I find this topic interesting. For one, it is 2012 and this is still a topic. We are supposed to be a country united. I can understand choosing a "side" based on political, social, or religious views, but the idea that an entire region is better than another outside of subjective opinion (more-than-likely relating to lifestyle, quality of life) is silly. First off, not everyone in the "north" are liberal. Many people cite Massachusetts as the most liberal State, yet, I could not see why (actually, I know why, but it is hard to explain. You just got to live it. Just like I will never understand the meaning of Southern Pride). I have not heard the N word uttered so casually by so many white people as I heard when I lived in Boston. Outside of the coast and Cape, Mass. is fairly redneck/WT. And they don't call Maine the deep South of the North for nothing. Maine is probably the only State where one can see a Confederate flag decal next to one that reads Yankee and Proud. Vermont is known as a hippy State, but how hippy is it when you have armed citizens patrolling the Canadian border. Why? What is the threat? Rebel Canadian forces invading to take hockey back?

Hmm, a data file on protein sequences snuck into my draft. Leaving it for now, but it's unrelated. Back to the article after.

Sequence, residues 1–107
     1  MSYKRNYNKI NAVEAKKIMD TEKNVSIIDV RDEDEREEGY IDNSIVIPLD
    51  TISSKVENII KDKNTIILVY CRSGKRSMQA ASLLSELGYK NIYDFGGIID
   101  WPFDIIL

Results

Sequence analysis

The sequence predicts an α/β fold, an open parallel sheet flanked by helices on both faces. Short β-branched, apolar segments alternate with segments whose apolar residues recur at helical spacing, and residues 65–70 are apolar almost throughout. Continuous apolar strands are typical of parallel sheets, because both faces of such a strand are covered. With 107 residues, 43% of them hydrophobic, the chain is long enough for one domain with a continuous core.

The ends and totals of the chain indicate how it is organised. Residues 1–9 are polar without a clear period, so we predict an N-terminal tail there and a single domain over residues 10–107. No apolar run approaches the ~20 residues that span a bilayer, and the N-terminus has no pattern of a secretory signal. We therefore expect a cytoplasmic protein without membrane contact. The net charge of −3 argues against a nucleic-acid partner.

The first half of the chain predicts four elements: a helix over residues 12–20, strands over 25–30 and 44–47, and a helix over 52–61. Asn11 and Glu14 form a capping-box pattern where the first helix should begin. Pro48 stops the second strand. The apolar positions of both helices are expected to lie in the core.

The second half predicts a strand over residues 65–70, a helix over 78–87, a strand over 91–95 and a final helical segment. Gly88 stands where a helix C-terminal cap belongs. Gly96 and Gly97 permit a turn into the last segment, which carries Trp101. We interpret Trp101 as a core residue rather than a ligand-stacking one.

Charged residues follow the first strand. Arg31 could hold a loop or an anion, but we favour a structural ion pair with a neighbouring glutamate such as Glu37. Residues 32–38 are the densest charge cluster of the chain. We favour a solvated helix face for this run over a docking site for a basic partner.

My point being any region has its share of diversity, but everyone has their own ideas of what a particular region is about.

Yes, my argument can go both ways, but I cannot think of another State that seems to be suffering from an identity crisis, to put it at an extreme. It seems to me, and others, that at its core Baltimore stands as the symbol for the North within Maryland. Yet, Maryland is such a small State that the BMore metro dominates. Things would be different, and possibly easier to discern, if the State was larger or Baltimore smaller.

Ultimately, it should be a personal opinion. Nothing will be gained nor lost (depending on one's perspective) if Maryland is officially deemed Southern, Northern, Mid-Atlantic, or even simply just East Coast. If Maryland is a Southern State in an individual's mind, than so be it. There is nothing wrong with that. I am curious, though, as to why someone would hold such an opinion even though I disagree about the cuisine.